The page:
Go see Aqueous

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Aqueous at The King’s Rook in Erie, Pa., in April 2017.

One of my favorite bands is returning to Cleveland this week. It’ll be my 21st show, and I hope to add a few more later in this tour (Columbus and Pittsburgh, if I can swing ’em). They’re a truly exceptional group of musicians, and I’ve been following them since 2012. I wrote my second feature on the band yesterday. My first feature was published by the Relix staff in 2014.

I mention this only to harp briefly on a recurring interest of mine: watching young bands develop and evolve both in the studio and onstage. When I came of age as a music listener, my favorite bands — 311, Phish, Deftones, Tool — had already ascended to the highest heights. They kept climbing and growing, sure, but the grassroots chapter of their stories had been written. I’d missed it! And I could never experience, say, a 1994 Phish show in upstate New York. It’s almost heartbreaking to think about that.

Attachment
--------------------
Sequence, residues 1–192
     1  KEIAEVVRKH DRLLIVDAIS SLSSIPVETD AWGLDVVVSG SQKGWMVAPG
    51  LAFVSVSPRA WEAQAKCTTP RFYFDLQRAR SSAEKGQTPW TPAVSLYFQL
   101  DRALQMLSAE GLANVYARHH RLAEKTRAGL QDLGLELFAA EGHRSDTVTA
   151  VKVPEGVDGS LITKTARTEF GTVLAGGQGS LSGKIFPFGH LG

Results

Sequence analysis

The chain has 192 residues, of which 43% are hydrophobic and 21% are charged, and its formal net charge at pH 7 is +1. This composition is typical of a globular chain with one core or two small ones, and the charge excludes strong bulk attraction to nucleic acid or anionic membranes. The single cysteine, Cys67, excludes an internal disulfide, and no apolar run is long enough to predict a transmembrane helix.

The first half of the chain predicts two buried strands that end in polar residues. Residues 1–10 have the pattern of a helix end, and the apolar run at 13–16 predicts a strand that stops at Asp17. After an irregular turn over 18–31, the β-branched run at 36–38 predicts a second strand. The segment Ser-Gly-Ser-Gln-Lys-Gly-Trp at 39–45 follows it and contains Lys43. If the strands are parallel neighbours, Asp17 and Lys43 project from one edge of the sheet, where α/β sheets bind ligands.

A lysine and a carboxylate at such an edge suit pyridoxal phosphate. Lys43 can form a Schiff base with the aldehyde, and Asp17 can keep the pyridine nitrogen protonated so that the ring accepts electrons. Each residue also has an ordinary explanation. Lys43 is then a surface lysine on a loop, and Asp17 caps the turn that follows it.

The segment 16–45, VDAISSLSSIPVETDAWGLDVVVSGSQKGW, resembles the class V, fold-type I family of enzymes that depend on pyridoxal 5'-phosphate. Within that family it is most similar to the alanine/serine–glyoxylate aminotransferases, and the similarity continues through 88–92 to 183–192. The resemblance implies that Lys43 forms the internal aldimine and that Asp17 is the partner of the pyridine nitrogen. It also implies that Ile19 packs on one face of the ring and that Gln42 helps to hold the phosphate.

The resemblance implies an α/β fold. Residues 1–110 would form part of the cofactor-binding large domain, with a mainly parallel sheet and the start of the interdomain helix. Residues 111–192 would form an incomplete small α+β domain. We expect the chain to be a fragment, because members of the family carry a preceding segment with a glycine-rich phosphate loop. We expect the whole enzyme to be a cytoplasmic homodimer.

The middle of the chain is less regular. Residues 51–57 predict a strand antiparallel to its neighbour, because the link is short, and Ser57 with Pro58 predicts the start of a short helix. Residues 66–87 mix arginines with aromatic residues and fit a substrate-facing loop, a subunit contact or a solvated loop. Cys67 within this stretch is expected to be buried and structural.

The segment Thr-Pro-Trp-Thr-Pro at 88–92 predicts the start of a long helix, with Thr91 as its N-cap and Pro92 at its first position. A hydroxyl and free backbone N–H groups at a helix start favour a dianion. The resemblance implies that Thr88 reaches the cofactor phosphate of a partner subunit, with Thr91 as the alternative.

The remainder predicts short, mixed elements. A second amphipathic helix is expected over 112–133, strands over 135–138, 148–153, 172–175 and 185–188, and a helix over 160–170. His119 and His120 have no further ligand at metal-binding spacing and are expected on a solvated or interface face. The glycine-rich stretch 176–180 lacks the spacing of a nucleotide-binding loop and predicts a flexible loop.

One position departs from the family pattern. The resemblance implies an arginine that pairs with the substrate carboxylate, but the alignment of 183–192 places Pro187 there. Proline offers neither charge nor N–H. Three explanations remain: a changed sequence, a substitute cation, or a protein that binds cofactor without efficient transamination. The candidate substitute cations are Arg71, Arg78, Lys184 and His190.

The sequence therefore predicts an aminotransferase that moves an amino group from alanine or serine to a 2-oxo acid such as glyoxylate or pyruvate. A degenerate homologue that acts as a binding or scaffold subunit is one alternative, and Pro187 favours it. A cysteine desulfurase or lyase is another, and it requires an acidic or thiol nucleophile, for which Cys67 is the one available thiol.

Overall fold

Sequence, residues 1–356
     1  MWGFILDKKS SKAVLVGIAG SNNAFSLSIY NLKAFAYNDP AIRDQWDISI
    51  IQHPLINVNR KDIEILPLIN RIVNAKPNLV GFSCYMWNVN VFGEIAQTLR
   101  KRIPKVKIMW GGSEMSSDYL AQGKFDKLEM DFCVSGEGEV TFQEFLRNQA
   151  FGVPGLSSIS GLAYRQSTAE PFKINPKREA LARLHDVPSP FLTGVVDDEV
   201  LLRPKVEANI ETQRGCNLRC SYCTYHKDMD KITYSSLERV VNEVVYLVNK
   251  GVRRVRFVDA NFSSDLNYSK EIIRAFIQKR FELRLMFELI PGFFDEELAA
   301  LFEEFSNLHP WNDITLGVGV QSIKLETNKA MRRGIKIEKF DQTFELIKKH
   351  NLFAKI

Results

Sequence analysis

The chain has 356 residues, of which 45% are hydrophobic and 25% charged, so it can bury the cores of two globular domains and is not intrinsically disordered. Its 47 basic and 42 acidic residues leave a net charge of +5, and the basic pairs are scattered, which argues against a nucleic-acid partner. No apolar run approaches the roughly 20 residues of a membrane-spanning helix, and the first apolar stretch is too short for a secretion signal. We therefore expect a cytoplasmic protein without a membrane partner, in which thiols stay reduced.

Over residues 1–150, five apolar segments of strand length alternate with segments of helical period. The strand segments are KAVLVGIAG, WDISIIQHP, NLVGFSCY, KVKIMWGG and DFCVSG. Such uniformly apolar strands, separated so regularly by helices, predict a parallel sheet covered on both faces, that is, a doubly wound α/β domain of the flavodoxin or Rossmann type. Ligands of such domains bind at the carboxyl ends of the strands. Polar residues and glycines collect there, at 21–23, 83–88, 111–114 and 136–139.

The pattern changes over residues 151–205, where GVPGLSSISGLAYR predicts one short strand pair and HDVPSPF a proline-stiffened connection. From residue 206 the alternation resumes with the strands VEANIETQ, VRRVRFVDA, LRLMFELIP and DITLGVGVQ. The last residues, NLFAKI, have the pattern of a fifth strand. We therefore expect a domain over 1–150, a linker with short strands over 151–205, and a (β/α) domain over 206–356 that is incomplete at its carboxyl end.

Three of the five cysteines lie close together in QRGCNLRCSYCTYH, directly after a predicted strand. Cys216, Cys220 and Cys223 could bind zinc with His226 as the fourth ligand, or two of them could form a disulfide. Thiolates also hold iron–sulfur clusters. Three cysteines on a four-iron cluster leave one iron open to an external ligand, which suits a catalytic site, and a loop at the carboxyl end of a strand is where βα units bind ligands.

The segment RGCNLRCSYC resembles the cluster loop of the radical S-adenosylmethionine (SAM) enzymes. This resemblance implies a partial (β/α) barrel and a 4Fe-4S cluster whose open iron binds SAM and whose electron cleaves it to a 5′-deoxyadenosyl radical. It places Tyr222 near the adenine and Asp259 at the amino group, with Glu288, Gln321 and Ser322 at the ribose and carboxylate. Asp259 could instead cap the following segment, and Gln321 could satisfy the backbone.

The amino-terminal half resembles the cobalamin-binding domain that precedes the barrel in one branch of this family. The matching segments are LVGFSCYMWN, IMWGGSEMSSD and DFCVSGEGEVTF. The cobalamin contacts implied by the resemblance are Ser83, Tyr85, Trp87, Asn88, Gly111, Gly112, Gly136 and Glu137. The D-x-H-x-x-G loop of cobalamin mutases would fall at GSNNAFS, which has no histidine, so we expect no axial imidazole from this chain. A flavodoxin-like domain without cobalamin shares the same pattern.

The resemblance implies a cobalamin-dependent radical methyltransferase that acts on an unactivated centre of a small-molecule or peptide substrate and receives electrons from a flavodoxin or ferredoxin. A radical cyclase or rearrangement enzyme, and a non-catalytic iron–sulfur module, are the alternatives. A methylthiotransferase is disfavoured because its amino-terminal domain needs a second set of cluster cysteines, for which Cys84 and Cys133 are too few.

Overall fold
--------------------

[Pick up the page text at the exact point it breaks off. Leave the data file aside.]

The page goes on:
But I’ve been from very nearly the beginning of Aqueous’ grand narrative. I can point to the exact areas of development that I’ve seen from 2012 to 2017, and I write about that in this week’s feature. It’s an absolute thrill!

Their new album will come out next year, and guitarist Mike Gantzer told me that 80 to 90 percent of the material has never been heard outside of the band. (The last album, 2014’s Cycles, comprised songs that had already been road-tested, which is a standard move for jam bands.) The band’s latest single, “Weight of the Word,” hints at a nice change in musical direction from their younger days. It bodes well for next year’s growth.

I wrote in the print edition of Scene this week that Aqueous fans would one day look back at 2017 — and the fall tour in particular — as an early high-water mark, a sign of just how completely these guys meant business as manifest destiny awaited.

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